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More jobs for Houston/600,000 new jobs

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I can think of some things to do with this money that would be good for the city, how about you?

Greater Houston Partnership halfway to fundraising goal

The Greater Houston Partnership has raised more than $20 million for Opportunity Houston, a planned $40 million campaign that will support the GHP's strategic plan to contribute to the creation of 600,000 new jobs, $60 billion in capital investment and $225 billion in foreign trade for the Houston region. "We're excited to be halfway there. Never before have we seen such a fast-moving, collective and collaborative effort than with Opportunity Houston," said GHP President and CEO Jeff Moseley.

Through economic development organizations and local businesses, each..........

Full Story here http://houston.bizjournals.com/houston/sto...tml?jst=b_ln_hl

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From the article

Chaired by Houston Astros owner Drayton McLane, Opportunity Houston targets the aviation and aerospace, energy and petrochemical, medical and biotechnology, information technology and nanotechnology industries. All are among the economic sectors identified by the partnership's strategic plan as critical to the region's future prosperity.

Nice idea, but it is a bit naive to think that we can advertise our way to be leaders in nanotechnology, for instance. One of the criticisms of the idea originally was that, apart from medical and energy, it seems like they just came up with a checklist of glamorous or trendy industries. How would they seriously plan to build up an aviation industry in Houston?

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Nice idea, but it is a bit naive to think that we can advertise our way to be leaders in nanotechnology, for instance. One of the criticisms of the idea originally was that, apart from medical and energy, it seems like they just came up with a checklist of glamorous or trendy industries. How would they seriously plan to build up an aviation industry in Houston?

I just believe it's a vision. Drayton and other people who are involved in this didn't get to where they are by not being creative and having goals most people thought were unattainalbe. (Maybe I'm wrong, did Drayton inherit anything?) Vision and goals are important. If they want the city to excell, they have to see things that we necessarily can't. I don't know about you, but I tend to give them the benefit of the doubt. We read a headline and a few sentences and come to conclusions while they're the ones getting their hands dirty and thinking these things through day after day. I'm not saying we don't think things through, but they're in it, ya know?

I read pretty much their whole plan the other day too. They didn't flippantly choose the industries they chose. They researched and evaluated and then came to their decisions.

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Dont know about nantech. but my understanding of the aviation industry is 2 prong. First they would like to increase the number of charter jet companies that operate here and the number of support companies for those jets and others. The other prong is to actively seek more international service to and from IAH by foreign flag passenger and cargo carriers. They are well on the way with both ;);)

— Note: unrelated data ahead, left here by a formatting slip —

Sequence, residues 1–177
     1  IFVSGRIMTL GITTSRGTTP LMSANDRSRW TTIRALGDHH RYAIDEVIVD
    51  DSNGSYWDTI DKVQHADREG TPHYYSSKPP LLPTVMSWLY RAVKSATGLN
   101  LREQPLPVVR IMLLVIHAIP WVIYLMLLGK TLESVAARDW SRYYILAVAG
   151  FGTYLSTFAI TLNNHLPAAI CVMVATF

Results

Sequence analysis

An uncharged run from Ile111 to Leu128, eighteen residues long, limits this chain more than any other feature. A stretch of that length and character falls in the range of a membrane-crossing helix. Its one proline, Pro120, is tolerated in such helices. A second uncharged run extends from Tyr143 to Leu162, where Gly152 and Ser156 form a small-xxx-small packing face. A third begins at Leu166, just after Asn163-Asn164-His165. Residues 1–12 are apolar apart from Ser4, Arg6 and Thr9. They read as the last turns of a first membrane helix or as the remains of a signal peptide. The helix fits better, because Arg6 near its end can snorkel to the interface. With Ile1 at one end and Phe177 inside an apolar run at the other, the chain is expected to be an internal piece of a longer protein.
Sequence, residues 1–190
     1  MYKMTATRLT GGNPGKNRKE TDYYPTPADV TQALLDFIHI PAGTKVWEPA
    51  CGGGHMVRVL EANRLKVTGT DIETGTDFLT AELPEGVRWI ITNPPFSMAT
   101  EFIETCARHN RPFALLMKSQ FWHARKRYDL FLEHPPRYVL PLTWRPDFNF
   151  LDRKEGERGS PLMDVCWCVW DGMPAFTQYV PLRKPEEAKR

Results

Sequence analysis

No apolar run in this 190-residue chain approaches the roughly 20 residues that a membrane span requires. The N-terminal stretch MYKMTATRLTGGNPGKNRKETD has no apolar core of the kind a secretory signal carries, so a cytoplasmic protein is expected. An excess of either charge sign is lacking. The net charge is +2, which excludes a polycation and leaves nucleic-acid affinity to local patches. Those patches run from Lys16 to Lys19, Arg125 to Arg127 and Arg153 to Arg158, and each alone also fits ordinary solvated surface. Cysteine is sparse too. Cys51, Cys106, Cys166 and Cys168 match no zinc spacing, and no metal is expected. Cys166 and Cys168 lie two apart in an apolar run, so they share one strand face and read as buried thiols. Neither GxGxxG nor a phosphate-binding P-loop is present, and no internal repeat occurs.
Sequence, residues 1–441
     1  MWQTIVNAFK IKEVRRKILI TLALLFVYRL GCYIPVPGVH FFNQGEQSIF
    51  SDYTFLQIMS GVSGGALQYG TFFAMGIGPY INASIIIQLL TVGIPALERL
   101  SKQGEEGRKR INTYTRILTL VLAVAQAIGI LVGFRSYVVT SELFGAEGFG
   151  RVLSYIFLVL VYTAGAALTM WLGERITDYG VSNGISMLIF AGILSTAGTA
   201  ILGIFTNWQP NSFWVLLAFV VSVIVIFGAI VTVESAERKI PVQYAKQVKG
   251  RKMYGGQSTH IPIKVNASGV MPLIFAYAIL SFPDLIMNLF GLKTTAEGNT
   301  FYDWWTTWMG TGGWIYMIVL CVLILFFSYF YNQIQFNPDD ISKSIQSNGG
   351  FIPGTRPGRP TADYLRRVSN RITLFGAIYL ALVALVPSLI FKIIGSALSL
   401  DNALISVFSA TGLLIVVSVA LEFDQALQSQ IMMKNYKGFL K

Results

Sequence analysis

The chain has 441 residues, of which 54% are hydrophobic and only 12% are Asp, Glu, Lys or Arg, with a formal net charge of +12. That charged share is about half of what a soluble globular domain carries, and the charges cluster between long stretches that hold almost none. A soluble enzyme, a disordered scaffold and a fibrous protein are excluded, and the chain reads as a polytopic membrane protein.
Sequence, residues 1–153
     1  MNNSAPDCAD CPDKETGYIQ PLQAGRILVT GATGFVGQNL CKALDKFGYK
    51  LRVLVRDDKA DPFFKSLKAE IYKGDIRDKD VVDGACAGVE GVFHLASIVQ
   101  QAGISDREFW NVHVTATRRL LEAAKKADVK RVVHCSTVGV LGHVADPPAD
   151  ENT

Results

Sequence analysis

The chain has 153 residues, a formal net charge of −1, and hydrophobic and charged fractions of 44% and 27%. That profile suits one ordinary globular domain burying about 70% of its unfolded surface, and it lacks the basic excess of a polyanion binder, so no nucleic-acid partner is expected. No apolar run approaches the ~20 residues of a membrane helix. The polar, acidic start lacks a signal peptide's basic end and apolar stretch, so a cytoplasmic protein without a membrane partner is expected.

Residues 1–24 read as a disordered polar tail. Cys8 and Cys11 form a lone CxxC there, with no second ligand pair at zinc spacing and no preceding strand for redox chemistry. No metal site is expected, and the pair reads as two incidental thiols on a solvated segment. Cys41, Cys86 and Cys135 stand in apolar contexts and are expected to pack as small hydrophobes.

In recent years the number of private charters here have soared upwardly and they wish to build on that.

I will try to post more of that from other articles i have read in the past. Pretty interesting stuff if you like aviation ;);)

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How would they seriously plan to build up an aviation industry in Houston?

Well, with the world's 5th largest airline headquartered here, that seems like a pretty good foundation from which to start, not to mention the 15th busiest airport in the world (7th busiest in America).

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Well, with the world's 5th largest airline headquartered here, that seems like a pretty good foundation from which to start, not to mention the 15th busiest airport in the world (7th busiest in America).

Not to mention NASA...

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Nice idea, but it is a bit naive to think that we can advertise our way to be leaders in nanotechnology, for instance. One of the criticisms of the idea originally was that, apart from medical and energy, it seems like they just came up with a checklist of glamorous or trendy industries. How would they seriously plan to build up an aviation industry in Houston?

After further reflection, it's hard to see what you're complaint is based on. A checklist of glamorous or trendy industries???? It looks more like a checklist of industries in which Houston has either a solid foundation of jobs or at least a very solid foundation of research and development, either of which makes them obvious choices for job/economic development activity.

Here's the list:

Aviation: Continental Airlines; Express Jet; 15th busiest airport in the world; 7th busiest airport in America; 7th or 8th busiest international gateway in America.

Aerospace: NASA

Energy and petrochemical: of course this list would be a mile long

Medical and biotechnology: Obviously, the Texas Medical Center; Rice University; University of Houston;

Information Technology: Hewlett-Packard, plus a lot of IT concentration with all of the Fortune 500 HQ;

Nanotechnology: Rice University and I believe UH are leaders in Nanotech. Plus, of course Texas Medical Center.

It is hard to imagine a more logical group of industries for Houston to concentrate on. If they happen to be glamorous or trendy, so be it.

And by the way, there has been no suggestion by anyone that Houston can simply "advertise" its way to Nanotechnology leadership or leadership in any other industry. This is exemplified by the fact that they chose industries in which Houston indeed already has a solid base.

Edited by Houston19514

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But I didn't think Rice or UH were considered leaders in nanotechnology. HP manufacturing facilities don't make for an information technology industry. Look, I'm all for building up the city. I'm just sceptical that this will have any real impact. Aviation, per Houston 1st Word..'s description makes sense, since it seems achievable to have more foreign carriers from IAH, although I would classify it as transportation, not aviation.